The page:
Short answer: Yes. Hardware firewalls are vulnerable to infection in similar ways as computers because they are simply just another computer.
There is no such thing as a "hardware firewall". These are simply dedicated computers with dedicated operating systems and dedicated software etc. It is still a computer which runs software which therefore could be infected should someone discover a vulnerability.
The pro's of a "hardware" firewall is there is theoretically less software running and less access/connectivity points which needs testing for vulnerabilities, therefore these devices could be less likely of being infected. However it is not impossible.
The con's of a "hardware" firewall is it is less likely to receive software updates (otherwise known as firmware updates) over its lifetime. This means if a vulnerability is discovered with the device it may take a long time for a patch to be created fixing this (if a patch is created at all).
One exception to this patching rule could be Cisco and other dedicated networking security organisations who make it their job to "stay ahead of the curve". These people may release patches faster. However to receive this service you would be spending a lot more than a home-market firewalling solution will cost you.
Note: If you do not keep your network infrastructure patched and up to date you will be liable to all known vulnerabilities for your device and the version of software running upon it. The same is true of software firewalls and the operating systems on your own computer.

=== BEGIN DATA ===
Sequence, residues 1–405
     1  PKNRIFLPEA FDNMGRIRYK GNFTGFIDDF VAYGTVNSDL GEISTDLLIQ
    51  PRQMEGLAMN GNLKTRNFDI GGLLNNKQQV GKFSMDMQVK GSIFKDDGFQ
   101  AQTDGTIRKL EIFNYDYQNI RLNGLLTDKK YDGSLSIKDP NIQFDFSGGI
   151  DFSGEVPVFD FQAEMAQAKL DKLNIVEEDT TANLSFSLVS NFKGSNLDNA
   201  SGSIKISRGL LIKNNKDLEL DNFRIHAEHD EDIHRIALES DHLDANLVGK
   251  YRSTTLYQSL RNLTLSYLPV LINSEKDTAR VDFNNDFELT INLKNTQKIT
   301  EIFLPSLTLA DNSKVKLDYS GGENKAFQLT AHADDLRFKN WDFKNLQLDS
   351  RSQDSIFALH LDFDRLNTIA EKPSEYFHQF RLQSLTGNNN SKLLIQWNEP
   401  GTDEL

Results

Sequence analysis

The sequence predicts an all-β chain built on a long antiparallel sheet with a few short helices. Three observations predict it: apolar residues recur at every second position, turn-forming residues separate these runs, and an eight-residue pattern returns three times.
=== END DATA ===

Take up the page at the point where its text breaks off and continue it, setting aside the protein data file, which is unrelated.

Case in point: Internet Census 2012
"Abstract: While playing around with the Nmap Scripting Engine (NSE) we discovered an amazing number of open embedded devices on the Internet. Many of them are based on Linux and allow login to standard BusyBox with empty or default credentials. We used these devices to build a distributed port scanner to scan all IPv4 addresses. These scans include service probes for the most common ports, ICMP ping, reverse DNS and SYN scans. We analyzed some of the data to get an estimation of the IP address usage. All data gathered during our research is released into the public domain for further study. "
This person (or group) had used default usernames and passwords and vulnerabilities of "embedded devices" (which could include routers, phones, firewalls, printers, many "internet connected" devices) to gain access to the device and run code which helped them to discover more devices.
"Additionally, with one hundred thousand devices scanning at ten probes per second we would have a distributed port scanner to port scan the entire IPv4 Internet within one hour."